Saturday, March 15, 2008

What To Do With Old Books

If you're an avid reader, then you're likely to have way too many books lying around. Some people store old books in boxes in the attic or sell them to used bookstores for 25 cents each. Others donate old books to libraries, which generally aren't equipped to unload 1000 copies of The Da Vinci Code. I used to store old books until moving day rolled around, deciding at the last minute to leave the boxes on the curb for trash pickup rather than to haul 20 boxes of old books to wherever I was moving (shameful, I know).

I have found a better solution: Bookins. Bookins is an internet book exchange site with a simple process:

1. List your old books for trade. Bookins will determine the number of points your books are worth based on current market values.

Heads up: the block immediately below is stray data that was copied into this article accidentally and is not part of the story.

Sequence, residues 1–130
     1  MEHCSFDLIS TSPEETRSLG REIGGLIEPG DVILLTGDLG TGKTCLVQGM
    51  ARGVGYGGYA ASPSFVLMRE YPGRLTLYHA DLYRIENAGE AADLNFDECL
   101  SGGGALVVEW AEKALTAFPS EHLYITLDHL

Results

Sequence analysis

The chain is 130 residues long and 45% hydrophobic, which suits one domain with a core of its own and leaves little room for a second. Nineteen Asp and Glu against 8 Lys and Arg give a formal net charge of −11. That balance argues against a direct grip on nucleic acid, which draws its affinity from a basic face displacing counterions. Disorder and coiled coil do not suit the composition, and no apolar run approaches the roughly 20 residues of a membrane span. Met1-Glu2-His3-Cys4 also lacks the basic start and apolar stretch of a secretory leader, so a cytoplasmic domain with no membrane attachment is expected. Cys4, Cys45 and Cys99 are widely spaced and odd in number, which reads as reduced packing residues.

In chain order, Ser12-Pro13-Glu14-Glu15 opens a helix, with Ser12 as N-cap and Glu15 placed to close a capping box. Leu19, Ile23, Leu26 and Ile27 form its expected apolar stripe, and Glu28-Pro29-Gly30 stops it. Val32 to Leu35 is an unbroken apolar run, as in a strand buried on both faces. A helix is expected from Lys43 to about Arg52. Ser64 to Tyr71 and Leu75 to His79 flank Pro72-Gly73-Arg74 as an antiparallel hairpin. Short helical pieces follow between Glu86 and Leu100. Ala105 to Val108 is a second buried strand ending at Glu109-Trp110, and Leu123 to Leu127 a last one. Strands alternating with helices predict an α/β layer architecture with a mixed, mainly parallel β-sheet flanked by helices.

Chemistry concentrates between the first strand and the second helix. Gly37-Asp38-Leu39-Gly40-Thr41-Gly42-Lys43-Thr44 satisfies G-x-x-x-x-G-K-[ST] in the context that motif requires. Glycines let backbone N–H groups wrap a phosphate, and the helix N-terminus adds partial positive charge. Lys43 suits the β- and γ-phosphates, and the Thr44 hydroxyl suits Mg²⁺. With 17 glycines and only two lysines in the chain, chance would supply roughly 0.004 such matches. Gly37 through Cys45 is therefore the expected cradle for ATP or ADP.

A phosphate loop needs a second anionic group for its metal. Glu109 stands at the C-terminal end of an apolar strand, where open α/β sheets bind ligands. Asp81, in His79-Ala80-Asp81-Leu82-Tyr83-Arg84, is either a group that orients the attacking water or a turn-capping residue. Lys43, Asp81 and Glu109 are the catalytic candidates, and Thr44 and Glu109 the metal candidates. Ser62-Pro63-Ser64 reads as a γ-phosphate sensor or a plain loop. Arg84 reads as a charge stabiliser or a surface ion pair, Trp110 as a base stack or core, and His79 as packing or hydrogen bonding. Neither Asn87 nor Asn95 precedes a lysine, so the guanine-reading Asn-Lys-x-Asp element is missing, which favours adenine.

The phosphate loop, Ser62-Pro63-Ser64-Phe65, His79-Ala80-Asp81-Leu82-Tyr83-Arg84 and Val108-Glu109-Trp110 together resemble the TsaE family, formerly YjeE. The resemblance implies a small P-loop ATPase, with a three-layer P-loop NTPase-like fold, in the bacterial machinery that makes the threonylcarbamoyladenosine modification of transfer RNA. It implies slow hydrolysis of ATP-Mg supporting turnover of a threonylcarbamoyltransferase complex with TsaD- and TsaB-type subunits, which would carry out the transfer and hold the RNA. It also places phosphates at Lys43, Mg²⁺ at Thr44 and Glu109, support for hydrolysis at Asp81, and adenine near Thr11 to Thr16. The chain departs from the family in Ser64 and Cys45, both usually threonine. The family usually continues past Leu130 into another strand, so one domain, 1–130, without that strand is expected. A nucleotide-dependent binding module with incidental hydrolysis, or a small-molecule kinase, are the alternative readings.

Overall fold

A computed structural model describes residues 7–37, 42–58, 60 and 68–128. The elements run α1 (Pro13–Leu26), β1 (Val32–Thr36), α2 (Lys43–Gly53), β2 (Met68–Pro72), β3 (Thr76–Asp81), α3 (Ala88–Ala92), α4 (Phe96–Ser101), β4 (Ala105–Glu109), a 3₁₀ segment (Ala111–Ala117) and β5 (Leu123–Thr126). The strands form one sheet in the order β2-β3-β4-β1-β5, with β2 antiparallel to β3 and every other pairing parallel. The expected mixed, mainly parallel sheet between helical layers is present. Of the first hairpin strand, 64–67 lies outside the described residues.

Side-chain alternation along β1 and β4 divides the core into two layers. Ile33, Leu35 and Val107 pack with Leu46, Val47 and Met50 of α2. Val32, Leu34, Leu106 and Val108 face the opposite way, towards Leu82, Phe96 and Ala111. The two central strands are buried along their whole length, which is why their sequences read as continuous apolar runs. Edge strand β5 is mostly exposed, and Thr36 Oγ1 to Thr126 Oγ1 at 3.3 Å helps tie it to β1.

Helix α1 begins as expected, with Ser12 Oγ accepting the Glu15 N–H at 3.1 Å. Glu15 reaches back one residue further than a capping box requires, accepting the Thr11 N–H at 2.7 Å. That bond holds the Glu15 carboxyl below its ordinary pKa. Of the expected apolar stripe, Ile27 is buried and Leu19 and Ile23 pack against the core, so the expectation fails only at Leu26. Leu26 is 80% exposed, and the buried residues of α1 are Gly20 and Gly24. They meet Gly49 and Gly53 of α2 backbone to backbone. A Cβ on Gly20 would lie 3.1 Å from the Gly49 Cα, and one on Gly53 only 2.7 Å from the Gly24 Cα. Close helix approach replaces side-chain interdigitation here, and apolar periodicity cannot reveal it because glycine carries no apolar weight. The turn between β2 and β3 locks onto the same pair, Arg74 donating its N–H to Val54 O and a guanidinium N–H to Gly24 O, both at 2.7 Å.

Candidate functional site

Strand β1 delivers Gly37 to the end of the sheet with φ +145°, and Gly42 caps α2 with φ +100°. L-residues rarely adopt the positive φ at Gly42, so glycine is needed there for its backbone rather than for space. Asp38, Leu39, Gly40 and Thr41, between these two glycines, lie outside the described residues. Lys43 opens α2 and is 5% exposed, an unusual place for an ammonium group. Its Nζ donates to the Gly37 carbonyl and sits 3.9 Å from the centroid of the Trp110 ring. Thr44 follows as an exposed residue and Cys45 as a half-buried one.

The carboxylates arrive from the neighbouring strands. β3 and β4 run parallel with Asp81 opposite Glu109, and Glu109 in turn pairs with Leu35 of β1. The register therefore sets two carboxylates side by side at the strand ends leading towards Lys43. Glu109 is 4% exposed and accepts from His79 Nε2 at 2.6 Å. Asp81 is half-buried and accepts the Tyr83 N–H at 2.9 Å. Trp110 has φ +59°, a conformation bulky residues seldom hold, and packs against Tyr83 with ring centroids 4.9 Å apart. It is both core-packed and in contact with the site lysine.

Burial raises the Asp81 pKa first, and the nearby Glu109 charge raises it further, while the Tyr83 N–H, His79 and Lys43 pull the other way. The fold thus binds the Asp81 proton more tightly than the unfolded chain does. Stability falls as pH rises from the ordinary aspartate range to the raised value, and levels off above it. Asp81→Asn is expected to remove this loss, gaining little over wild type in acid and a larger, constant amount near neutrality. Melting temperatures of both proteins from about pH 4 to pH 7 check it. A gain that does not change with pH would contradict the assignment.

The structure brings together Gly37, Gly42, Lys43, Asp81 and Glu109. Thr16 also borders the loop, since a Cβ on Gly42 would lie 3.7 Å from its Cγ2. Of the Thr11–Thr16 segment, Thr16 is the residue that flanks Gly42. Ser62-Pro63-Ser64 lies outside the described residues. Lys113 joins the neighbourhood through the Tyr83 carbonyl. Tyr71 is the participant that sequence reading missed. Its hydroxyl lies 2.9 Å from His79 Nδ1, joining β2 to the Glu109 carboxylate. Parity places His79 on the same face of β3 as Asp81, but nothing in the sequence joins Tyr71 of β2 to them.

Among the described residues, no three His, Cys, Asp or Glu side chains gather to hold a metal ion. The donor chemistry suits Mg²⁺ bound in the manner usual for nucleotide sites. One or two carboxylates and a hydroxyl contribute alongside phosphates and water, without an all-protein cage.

2. Receive an e-mail notification when someone selects one of your listed books.
3. Print a pre-paid postage label generated by the Bookins site, wrap up your old book, afix the label, and leave it for your postal carrier to pick up.


4. When the book is deliered, you will receive credit for the points assigned to the book. Up to now, you have not spent a dime.
5. Once you have some points in the bank, you may then use those points to "buy" other books on the site. When you select a book to "buy" with points, you will be charged for the postage of that book (about $4) and nothing else.
After discovering Bookins, I converted my bookshelves filled with already-read books to bookshelves filled with to-be-read books. I'm now surrounding with books I want to read, and the total cost of the transformation was minimal.

2 comments:

Barrett the Cat said...
This comment has been removed by the author.
Barrett the Cat said...

One broader virtue of something like Bookins seems to be that it takes personal libraries--which for many are just ossified collections of books already read--and transforms them into changing and evolving roadmaps of future knowledge. The personal library thus is no longer confined to being simply an artifact of past experience, and instead becomes more of an organic and shifting thing.